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What does "flourishing" look like?

19 Jul 2011 | Lindsay Doran

In September 2010, an eclectic group of 25 men and women were brought together at Gravetye Manor to give our best thoughts on the subject of "flourishing". Our host was Dr. Martin Seligman, founder of the Positive Psychology movement, and the attendees included two headmasters, a doctor, a psychiatrist, a poet, an economist, a neuroscientist, authors, professors, students, philanthropists, two game inventors, and one movie producer (me).

The goal we discussed was the possibility of a flourishing world:  51% of the earth's population flourishing by the year 2051, and steady improvement after that. In brief, this is what I learned at Gravetye about flourishing.

What flourishing looks like for individuals

Flourishing individuals are basically happy people, and their happiness is derived partly from generosity.  They don't only do things for themselves, and they don't only do things for other people - there is a balance.  They have a number of positive relationships, and they feel that their lives have meaning.  They are forward-thinking and optimistic: they take steps to achieve the things they want to achieve, they take actions that will lead to a better future for themselves, their loved ones, their community, their country or even the world.  They think life is worth living.  They have learned to frame even their most negative experiences in a positive way (i.e., instead of "I can't figure this out" they substitute "I haven't figured this out yet"; instead of "I can't walk" they substitute "Walking is the only thing I can't do").

It goes without saying that the people who have brought about anything important - the development of the polio vaccine, peace in Northern Ireland, the vote for women, the rescue of trapped miners, etc. - first had to believe that those victories were possible.  The same applies to individuals who have put an end to personal debt, achieved a healthy weight, made peace with a permanent disability, or looked for and found a job or a loving spouse.  Even the grouchiest of them was an optimist, a person who lived in the realm of the possible. Without optimistic individuals, nothing can be achieved.

What flourishing looks like for a society 

The flourishing society is a society with institutions that are proactive and positive rather than reactive and negative.  Health care aimed at prevention rather than picking up the pieces when people become ill, injured, depressed or addicted.  Schooling that aims for happy, creative and flourishing children, rather than sullen resistant children in an environment that feels more like a prison than a place of learning.  Policing aimed at preventing crime rather than catching and punishing criminals.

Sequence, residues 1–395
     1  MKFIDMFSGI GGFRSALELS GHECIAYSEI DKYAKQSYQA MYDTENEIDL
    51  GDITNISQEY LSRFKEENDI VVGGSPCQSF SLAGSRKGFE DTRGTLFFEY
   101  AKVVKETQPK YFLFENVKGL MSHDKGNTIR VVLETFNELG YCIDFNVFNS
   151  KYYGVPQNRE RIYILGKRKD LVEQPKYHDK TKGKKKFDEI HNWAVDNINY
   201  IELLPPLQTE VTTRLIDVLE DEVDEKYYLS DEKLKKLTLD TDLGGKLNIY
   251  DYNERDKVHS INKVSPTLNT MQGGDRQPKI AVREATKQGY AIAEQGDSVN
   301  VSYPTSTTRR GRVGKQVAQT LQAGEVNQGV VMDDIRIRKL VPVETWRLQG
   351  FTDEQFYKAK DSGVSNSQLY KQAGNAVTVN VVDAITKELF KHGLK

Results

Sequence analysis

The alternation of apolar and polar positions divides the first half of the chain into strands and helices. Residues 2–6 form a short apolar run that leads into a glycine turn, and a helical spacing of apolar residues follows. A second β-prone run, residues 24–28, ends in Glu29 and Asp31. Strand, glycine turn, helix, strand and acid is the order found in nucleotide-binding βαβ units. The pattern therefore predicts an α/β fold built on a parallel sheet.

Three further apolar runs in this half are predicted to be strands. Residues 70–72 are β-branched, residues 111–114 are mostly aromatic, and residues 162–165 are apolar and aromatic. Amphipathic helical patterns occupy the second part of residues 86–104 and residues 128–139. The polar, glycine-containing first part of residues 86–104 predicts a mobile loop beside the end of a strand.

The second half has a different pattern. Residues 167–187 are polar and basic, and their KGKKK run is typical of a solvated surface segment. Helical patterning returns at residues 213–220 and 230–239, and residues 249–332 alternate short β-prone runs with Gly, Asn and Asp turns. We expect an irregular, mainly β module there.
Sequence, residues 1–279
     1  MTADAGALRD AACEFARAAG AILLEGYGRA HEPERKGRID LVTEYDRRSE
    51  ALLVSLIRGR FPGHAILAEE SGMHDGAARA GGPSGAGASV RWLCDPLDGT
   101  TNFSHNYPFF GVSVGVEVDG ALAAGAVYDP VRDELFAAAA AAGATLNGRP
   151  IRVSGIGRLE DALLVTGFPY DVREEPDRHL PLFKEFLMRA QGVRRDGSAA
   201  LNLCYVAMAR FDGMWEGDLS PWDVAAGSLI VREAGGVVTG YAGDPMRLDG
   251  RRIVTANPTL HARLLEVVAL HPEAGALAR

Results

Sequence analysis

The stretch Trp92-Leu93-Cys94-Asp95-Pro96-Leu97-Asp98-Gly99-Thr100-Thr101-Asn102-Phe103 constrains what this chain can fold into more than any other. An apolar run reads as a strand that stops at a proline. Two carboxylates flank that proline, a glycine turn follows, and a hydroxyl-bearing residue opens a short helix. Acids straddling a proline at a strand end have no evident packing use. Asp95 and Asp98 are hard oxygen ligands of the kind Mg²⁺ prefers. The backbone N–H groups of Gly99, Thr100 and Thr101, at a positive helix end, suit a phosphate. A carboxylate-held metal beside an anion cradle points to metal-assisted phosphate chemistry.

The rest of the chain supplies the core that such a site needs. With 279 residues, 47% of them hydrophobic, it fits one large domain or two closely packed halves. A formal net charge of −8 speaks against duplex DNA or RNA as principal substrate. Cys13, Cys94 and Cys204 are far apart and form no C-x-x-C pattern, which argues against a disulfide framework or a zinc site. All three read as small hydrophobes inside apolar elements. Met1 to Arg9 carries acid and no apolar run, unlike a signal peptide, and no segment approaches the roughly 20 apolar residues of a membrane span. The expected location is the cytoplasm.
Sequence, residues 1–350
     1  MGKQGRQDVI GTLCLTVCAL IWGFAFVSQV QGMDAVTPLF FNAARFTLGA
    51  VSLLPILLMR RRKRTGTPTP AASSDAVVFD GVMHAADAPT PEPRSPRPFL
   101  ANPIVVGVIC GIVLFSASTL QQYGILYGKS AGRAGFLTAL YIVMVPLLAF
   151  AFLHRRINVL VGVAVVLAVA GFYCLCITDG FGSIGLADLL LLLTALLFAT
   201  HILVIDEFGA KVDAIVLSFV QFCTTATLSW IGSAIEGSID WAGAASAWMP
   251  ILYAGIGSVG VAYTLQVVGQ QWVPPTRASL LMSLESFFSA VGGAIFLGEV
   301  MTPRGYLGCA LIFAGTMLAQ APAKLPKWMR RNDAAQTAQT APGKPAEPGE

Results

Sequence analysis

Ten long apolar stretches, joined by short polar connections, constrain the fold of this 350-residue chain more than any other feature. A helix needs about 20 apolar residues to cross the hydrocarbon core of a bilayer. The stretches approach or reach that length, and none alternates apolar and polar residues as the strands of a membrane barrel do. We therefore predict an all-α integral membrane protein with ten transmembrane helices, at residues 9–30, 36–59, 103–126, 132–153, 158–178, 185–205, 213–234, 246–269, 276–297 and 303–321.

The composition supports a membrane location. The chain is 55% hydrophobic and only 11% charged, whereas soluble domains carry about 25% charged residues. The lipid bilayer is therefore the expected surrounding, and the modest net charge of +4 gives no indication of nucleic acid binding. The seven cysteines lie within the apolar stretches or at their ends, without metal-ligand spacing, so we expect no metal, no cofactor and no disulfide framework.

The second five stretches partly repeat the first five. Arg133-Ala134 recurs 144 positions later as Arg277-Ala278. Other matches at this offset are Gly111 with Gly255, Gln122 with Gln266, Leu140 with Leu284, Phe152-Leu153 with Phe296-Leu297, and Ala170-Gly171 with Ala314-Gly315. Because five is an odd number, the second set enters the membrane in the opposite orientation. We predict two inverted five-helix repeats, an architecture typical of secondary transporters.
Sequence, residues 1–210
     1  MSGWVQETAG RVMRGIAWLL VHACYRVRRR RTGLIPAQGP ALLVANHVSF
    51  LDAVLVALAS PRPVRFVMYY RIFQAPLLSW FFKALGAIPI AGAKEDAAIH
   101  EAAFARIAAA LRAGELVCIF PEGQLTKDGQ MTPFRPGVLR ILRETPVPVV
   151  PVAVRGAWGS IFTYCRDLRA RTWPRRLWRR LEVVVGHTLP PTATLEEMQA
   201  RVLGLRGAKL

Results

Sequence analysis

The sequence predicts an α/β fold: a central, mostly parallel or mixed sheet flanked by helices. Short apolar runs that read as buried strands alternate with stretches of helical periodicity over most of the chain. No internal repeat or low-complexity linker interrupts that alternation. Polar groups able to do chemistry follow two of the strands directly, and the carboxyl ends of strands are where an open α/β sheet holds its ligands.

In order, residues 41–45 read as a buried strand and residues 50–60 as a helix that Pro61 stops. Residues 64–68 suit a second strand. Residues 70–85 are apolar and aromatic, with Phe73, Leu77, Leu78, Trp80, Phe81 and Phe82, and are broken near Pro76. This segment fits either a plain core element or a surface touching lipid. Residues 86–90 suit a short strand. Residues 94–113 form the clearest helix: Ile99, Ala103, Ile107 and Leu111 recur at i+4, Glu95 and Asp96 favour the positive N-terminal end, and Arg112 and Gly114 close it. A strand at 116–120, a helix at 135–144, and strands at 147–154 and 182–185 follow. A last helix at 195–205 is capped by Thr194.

What flourishing looks like for a government

The flourishing government measures the life-satisfaction and well-being of its citizens rather than just measuring their financial status.  We have long known that making a lot of money and owning a lot of things are no guarantee of happiness and often lead to the opposite - ambition, greed, envy, debt, depression.  Yet we measure the health of our country according to the stock market, the number of people who buy homes, or the amount of goods that were produced, bought and sold in a month.  In a world in which sustainability is an obvious problem if people continue to consume at the current rate, we measure the health of the country according to how much we consume.  The challenge is to protect employment while altering the perception that we need to buy things in order to achieve the happiness we want to achieve.

Of course the goals of any government must include enough food and clean water for its citizens, the maintenance of infrastructures, health care, education, security, etc.  But it turns out that the best way to achieve any of those goals is to begin with the nurturing of flourishing individuals.

How to Begin

Since I returned from Gravetye, I have practiced a discipline whereby I spend five minutes each day doing something to make myself happy (since I'm often desk-bound, this usually consists of going to the internet and watching something like the "Summer Nights" musical number from "Grease" or the "End of the World" skit from the 1960s comedy team Beyond the Fringe) and five minutes each day doing something to make someone else happy (a phone call, an email, a letter, a favour large or small for a loved one or a stranger).  Just strengthening the well-being muscle in myself and in one other person each day feels like a good foundation for everything else that needs to be done.

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Lindsay Doran is a film producer based in Los Angeles. Her producing credits include Sense and Sensibility, Nanny McPhee, and Stranger Than Fiction.

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